Solving Big Data Disaster with Cloud Computing

Posted on: July 4th, 2016 by nexstepaz No Comments

If you are a law firm that has a reasonably efficient Information Technology management framework, then it would be safe to say that you have data that is continuously growing.  This data growth can be traced not only on the influx of new client information, but more so with data redundancy.

Where does data redundancy come from?  This is usually the result of production data caused by analytics, backup, disaster recovery, and other similar protocols.  So how do you solve the big data disaster?

Data Virtualization

It is estimated that in 2013 alone, many companies have spent more than $44 billion in the management of redundant data copies.  About 85% of these companies invested in hardware storage solutions and around 65% in storage software.  These however are far from being considered as cost-effective solutions to the bloating of data.

How can data redundancy be addressed?  One perspective is the virtualization of data copies.  For many companies, including law firms, this has proven to be an effective data management solution.

This is done in combination with network utilization optimization and efficient data handling.  Short recovery becomes possible through the use of less storage and bandwidth.

To take this further, virtual data pipeline can be used as a fundamental data management solution.  The virtualized copies become time-specific and should they need to be restored, the files will merely be extracted and analyzed based on a recovery point defined by the user.

With the recovered data directly mounted on the server, data movement is eliminated allowing for faster and immediate recovered data.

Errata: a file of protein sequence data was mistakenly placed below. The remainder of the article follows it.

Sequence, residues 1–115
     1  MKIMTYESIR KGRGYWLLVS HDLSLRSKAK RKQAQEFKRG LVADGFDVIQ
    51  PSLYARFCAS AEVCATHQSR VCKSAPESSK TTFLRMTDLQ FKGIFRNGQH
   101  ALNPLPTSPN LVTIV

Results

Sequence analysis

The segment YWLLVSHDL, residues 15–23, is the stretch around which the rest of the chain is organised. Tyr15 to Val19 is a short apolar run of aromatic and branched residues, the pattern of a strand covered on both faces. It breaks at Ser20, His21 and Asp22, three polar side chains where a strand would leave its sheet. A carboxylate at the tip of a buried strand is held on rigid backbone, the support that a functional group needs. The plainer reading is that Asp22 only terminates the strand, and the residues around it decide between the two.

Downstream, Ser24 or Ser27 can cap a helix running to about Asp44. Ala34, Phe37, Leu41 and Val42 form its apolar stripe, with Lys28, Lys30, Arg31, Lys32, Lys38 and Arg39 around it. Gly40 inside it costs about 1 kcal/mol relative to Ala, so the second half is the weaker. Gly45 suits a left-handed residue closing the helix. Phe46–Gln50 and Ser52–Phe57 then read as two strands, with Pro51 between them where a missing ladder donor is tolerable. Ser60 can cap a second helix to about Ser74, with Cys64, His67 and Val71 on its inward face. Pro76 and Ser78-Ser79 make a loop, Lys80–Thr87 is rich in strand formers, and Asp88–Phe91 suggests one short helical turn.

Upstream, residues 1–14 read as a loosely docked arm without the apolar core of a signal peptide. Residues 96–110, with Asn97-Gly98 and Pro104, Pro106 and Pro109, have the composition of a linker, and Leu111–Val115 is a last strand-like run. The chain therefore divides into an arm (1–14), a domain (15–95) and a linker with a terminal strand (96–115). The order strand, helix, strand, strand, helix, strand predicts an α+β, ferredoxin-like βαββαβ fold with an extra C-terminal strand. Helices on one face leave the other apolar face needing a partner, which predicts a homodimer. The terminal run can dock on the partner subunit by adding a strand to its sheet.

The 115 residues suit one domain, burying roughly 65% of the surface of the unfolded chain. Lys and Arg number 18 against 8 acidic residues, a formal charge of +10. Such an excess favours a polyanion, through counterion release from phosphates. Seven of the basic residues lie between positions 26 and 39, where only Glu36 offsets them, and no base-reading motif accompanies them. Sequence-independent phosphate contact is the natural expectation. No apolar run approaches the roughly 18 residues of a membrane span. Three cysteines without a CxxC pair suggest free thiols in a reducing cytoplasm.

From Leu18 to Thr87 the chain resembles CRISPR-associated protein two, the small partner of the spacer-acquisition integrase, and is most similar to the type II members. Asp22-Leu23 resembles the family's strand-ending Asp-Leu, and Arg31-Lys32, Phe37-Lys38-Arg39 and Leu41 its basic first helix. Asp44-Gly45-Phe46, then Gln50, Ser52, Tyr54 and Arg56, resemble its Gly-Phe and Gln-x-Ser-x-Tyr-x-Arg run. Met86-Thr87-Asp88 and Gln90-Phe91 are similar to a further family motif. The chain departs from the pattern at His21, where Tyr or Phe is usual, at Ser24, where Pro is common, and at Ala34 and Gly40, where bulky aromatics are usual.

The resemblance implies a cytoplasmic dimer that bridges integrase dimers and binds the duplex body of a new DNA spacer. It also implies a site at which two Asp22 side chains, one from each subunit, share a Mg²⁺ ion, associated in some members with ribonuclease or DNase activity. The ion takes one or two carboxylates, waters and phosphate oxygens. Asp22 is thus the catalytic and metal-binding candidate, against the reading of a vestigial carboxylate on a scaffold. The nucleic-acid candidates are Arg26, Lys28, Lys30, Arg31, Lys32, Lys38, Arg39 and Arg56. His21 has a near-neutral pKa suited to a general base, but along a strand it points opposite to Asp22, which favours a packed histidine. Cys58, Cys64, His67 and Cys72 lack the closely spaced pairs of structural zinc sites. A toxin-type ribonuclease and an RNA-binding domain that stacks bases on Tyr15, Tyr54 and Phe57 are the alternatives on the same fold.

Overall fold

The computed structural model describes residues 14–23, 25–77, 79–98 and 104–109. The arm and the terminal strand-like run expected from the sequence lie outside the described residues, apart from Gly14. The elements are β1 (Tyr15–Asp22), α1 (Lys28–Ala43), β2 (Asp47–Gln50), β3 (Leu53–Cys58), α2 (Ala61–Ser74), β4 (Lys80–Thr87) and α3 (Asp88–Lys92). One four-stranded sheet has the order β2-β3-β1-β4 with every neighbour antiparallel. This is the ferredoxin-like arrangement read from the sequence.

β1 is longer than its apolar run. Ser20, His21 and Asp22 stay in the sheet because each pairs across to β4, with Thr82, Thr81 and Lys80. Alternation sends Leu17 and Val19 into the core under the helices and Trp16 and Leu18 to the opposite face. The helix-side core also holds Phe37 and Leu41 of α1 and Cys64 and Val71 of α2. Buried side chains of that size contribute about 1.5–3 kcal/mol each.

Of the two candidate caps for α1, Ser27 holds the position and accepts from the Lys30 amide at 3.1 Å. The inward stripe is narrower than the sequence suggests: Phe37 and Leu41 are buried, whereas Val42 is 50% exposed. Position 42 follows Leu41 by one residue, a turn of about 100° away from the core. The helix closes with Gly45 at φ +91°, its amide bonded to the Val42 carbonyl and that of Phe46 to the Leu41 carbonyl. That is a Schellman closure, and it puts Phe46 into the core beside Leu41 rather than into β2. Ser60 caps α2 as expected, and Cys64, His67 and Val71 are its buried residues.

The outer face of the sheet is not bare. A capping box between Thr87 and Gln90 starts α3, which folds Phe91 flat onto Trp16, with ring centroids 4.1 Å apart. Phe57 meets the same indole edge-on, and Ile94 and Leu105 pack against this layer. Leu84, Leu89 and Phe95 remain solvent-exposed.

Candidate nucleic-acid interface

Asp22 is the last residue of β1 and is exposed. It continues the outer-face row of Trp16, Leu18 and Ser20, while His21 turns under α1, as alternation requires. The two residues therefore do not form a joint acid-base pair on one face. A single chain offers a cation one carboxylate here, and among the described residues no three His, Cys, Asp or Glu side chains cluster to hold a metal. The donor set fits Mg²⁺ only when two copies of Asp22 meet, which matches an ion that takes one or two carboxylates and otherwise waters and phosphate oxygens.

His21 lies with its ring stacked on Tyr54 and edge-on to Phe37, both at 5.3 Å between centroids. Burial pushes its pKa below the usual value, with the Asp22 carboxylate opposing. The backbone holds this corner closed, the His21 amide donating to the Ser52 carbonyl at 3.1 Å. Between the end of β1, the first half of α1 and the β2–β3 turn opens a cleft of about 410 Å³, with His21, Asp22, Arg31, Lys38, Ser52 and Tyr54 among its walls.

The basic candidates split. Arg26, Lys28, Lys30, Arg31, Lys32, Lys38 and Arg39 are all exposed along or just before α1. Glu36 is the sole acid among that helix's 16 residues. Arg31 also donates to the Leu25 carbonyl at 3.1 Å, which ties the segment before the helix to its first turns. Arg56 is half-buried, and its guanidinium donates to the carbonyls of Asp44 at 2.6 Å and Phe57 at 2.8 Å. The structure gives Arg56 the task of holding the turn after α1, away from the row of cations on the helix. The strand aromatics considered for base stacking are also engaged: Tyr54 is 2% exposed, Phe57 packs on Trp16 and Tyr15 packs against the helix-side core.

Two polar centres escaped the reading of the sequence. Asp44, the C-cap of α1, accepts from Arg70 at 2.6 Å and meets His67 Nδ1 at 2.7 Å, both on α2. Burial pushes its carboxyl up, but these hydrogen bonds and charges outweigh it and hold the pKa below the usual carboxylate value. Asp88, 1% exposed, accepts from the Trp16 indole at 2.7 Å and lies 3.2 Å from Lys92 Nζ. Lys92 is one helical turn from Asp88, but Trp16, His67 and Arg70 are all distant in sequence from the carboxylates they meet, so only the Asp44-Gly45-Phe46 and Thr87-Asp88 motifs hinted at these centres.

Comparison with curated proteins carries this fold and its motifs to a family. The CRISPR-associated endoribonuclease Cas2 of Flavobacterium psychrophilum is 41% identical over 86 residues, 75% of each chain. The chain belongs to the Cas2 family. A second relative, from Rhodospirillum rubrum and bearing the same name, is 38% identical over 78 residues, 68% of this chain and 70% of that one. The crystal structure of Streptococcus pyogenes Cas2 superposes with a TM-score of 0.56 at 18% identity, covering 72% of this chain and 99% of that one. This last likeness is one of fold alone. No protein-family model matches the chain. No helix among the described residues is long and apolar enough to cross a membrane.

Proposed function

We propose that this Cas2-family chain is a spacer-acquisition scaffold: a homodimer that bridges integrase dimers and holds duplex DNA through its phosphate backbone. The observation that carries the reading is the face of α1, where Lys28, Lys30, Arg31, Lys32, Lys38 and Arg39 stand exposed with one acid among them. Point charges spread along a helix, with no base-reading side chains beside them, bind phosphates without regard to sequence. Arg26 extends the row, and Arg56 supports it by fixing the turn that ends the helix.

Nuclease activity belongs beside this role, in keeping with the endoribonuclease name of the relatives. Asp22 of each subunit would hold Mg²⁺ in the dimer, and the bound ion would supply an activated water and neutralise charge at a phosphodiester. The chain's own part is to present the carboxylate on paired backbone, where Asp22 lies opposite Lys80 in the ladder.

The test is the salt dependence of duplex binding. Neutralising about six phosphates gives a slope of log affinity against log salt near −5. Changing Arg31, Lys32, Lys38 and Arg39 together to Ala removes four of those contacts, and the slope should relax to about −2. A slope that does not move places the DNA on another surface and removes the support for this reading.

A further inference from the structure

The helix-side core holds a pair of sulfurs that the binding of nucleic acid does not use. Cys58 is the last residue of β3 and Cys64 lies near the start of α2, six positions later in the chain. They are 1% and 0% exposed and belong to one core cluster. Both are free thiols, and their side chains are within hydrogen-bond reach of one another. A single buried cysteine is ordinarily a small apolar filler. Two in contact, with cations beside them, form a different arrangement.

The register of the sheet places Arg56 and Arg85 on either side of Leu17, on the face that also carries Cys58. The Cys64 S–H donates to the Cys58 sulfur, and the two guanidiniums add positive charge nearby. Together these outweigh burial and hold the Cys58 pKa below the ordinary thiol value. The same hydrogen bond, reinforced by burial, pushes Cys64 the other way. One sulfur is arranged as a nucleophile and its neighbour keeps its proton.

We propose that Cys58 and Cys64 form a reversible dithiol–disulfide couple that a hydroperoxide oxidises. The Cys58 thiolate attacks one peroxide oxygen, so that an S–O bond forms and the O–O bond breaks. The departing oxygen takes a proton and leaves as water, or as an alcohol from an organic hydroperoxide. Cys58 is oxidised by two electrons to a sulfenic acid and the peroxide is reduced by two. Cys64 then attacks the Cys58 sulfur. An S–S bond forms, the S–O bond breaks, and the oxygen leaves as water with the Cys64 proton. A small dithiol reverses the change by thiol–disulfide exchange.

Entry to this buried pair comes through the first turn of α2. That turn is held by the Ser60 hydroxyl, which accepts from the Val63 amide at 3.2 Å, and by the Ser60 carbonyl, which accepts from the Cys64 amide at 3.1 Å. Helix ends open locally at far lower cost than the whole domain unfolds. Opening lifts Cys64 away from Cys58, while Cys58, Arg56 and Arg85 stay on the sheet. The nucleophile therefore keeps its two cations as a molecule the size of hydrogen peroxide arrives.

Data Handling

Another solution to bloating data and avoiding associated disasters is efficient data handling.  This describes how the collections, management, and delivery of data can be done as efficiently and effectively as possible through the virtual data pipeline.

Once the snapshot has been created, only the changed block will be captures using an incremental-forever principle.  This leaves the collected data at its most efficient state for tracking and transfer changes.  By using the native format in storage, the need to create and restore data from backup is eliminated.

The administrator can set SLAs that will define the frequency of snapshots, type of memory storage, and location and retention policies.  This will include the replication to remote cloud servers.  The creation of the SLA allows for the connection with any virtual machine or application to capture data.

The requirement to generate virtual copies is to have a master copy of the data that will be used for production.  This allows for the creation of an indefinite number of virtual copies that can be available for daily use, testing, analysis, or whatever process needed in the production environment.  The master copy can be mirrored to a remote cloud server as part of a disaster recovery procedure.

Increased Data Virtualization

Why is there an increase in data virtualization?  This can be traced to the fact that data virtualization is the next reasonable step after having a computer server.  The infrastructures are also reasonably easy to manage and are considered extremely cost-effective due to its demand-oriented model.

More importantly for law firms and other industries, data virtualization matches the realistic needs of today that require management of big data using fewer resources.  Its proven efficiency have contributed to the increase and extended the ability to protect and manage data for server efficiency.

The increase in data virtualization is also attributed to its less bandwidth requirements and the possibility of instant restoration.  Platforms that accelerate data management while reducing data center complexity have made distributed environments in the cloud more accessible.

Contact NexStep, cloud computing for small to medium law firms to store and create law data back up to your important data and avoid any data problems.


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